1
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The stack definition and a test function to work with it are defined below. (Maybe) only the nicety is that I need 2-levels of types (see in code). The code works (example can be compiled).

Require Import Coq.Lists.List.
Import List.ListNotations.

Inductive type1 : Set :=
| Unit1 : type1
| Option1 : type1 -> type1.

Inductive type2 : type1 -> Set :=
| Unit2 : type2 Unit1
| Option2 {t} :
    type2 t -> type2 (Option1 t).

Definition stack_t := list type1.

Inductive stack : stack_t -> Set :=
| Head {t ts} :
  type2 t ->
  stack ts ->
  stack (t :: ts)
| Empty :
  stack [].

Record stacks (s1 : stack_t) : Set := Build {
  st1 : stack s1;                                             
}.

Definition test {ts_inp} (st_inp : stack ts_inp) : option (stacks ts_inp) :=
  match st_inp in stack ts_inp_cp1 with
  | @Head Unit1 ts_rest Unit2 st_rest as st_c1 =>
      Some (Build (Unit1::ts_rest) (Head Unit2 st_rest))
  | _ => None
  end.

Adding the next test1 definition rises an error

Definition test1 {ts_inp} (st_inp : stack ts_inp) : option (stacks ts_inp) :=
  match st_inp in stack ts_inp_cp1 with
  | @Head Unit1 ts_rest Unit2 st_rest as st =>
      Some (Build (Unit1::ts_rest) (Head Unit2 st_rest))
  | @Head (Option1 t1) ts_rest (@Option2 t11 t2) st_rest as st' =>
      Some (Build ((Option1 t1)::ts_rest) (Head (Option2 t2) st_rest))
  | _ => None
  end.

According to the error message, coq is not able to see that t1 and t11 is the same type.

How to convince the coq that t1 and t11 are the same in the test1 definition?


UPD. This definition looks to me similar to what I would like to have (this does not compiles)

Definition computeType (T : Type) (t : type1) : Type :=
  match t with
  | Option1 _ => T
  | _ => unit
  end.

Definition test1 {ts_inp} (st_inp : stack ts_inp) : option (stacks ts_inp) :=
  match st_inp in stack ts_inp_cp1 with
  | @Head Unit1 ts_rest Unit2 st_rest as st =>
      Some (Build (Unit1::ts_rest) (Head Unit2 st_rest))
  | @Head (Option1 t1 as t11) ts_rest (Option2 t2 as t22) st_rest as st' =>
      match t11, t22 in type2 (Option1 t21) return type2 t11 -> @computeType (option (stacks (t11 :: ts_rest))) t11 with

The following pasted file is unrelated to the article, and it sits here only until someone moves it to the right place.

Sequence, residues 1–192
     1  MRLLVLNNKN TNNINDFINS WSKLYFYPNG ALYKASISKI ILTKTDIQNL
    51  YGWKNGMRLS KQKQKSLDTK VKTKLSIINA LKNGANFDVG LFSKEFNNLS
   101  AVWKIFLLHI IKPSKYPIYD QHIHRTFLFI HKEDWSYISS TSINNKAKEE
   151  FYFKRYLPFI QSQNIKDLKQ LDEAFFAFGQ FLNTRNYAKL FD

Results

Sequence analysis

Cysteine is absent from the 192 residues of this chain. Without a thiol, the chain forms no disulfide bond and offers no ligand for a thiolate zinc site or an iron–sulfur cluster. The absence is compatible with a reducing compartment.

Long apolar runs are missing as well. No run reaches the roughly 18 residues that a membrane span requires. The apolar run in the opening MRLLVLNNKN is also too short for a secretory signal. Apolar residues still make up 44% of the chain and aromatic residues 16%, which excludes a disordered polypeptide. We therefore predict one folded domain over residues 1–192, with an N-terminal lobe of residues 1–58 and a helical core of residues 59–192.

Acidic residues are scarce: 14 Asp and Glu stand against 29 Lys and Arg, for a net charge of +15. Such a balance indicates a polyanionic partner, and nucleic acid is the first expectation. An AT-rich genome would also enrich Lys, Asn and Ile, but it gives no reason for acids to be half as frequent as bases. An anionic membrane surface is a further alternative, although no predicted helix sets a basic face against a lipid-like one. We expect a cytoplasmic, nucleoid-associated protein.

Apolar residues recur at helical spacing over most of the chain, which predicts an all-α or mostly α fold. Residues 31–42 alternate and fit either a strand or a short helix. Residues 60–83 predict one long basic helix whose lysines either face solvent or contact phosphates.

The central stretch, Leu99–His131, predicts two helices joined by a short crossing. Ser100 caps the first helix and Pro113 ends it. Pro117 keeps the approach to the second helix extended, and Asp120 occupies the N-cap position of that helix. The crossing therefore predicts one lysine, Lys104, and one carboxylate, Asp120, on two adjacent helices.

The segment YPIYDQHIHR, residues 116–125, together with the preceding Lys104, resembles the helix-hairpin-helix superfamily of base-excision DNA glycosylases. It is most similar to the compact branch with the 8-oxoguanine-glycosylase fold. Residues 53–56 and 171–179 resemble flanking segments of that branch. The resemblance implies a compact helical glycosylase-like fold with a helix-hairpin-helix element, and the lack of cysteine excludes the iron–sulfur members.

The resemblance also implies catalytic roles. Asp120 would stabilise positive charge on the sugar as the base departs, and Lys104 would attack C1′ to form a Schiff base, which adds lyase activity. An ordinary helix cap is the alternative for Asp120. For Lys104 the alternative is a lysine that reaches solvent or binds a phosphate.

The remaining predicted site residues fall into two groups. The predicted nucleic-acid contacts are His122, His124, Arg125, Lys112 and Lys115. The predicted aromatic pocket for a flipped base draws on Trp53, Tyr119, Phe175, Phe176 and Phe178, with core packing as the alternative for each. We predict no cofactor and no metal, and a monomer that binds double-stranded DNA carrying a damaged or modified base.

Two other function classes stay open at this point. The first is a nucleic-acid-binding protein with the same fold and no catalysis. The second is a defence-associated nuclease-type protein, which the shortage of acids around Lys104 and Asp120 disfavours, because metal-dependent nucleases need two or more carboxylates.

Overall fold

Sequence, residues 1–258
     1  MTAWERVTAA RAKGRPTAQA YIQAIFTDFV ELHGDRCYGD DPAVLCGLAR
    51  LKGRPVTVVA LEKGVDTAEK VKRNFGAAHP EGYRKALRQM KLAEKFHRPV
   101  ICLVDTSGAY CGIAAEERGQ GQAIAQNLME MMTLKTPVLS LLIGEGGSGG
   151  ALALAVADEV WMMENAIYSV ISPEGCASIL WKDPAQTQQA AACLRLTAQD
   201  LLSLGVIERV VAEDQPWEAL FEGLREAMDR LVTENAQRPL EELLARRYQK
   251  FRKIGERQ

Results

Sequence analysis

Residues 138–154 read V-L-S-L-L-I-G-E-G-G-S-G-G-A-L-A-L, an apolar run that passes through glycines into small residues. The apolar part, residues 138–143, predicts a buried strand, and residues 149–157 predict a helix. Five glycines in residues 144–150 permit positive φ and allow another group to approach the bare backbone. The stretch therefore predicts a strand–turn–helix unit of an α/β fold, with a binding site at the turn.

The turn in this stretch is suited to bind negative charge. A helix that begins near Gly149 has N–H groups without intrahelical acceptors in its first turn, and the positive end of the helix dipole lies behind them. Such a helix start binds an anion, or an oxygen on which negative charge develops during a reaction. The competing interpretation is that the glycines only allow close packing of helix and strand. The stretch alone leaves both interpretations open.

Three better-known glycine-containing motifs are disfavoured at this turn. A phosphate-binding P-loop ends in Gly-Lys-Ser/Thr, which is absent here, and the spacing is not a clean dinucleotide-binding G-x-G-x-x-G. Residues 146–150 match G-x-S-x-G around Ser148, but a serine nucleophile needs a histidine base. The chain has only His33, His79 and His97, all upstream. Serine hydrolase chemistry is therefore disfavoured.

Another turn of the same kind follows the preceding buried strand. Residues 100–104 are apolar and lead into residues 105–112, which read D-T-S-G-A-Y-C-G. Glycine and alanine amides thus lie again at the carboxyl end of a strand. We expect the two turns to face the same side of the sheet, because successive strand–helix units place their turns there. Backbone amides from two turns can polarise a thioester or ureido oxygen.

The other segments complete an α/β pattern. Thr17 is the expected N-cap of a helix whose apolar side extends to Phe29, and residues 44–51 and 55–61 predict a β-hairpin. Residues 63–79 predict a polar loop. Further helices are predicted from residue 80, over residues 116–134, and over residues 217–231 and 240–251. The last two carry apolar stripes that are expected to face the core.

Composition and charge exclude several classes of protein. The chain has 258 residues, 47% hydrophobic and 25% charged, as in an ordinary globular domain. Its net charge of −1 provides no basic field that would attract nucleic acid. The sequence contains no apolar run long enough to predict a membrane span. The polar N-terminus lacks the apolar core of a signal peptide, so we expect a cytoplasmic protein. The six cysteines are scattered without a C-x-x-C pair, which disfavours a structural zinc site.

| Option1 _, Option2 _ => fun x => Some (Build _ (Head x st_rest))
      | _, _ => fun x => tt
      end t22
  | _ => None
  end.
```
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3
  • $\begingroup$ Could you please give a more specific title? $\endgroup$
    – Couchy
    Jun 28 at 4:30
  • 1
    $\begingroup$ I don't see why "[you] need 2-levels of types". You're defining a singleton type corresponding exactly to the underlying one. $\endgroup$
    – gallais
    Jul 2 at 9:06
  • $\begingroup$ Thank you for the comment. Just to make sure I can use terminology correctly: which of them (type1 or type2) is singleton and which one is underlying. @gallais $\endgroup$
    – Andrey
    Jul 2 at 13:53

1 Answer 1

1
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this one works

Definition computeType (ts : stack_t) (t : type1) : Type :=
  match t with
  | Option1 _ => option (stacks ts)
  | _ => unit
  end.

Definition test1 {ts_inp} (st_inp : stack ts_inp) : option (stacks ts_inp) :=
  match st_inp in stack ts_inp_cp1 with
  | @Head Unit1 ts_rest Unit2 st_rest as st =>
      Some (Build (Unit1::ts_rest) (Head Unit2 st_rest))
  | @Head (Option1 t1 as t11) ts_rest (Option2 t2 as t22) st_rest as st' =>
      match t11, t22 in type2 (Option1 t21) return type2 t11 -> computeType (t11 :: ts_rest) t11 with
      | _, _ => fun x => Some (Build _ (Head x st_rest))
      end t22
  | _ => None
  end.
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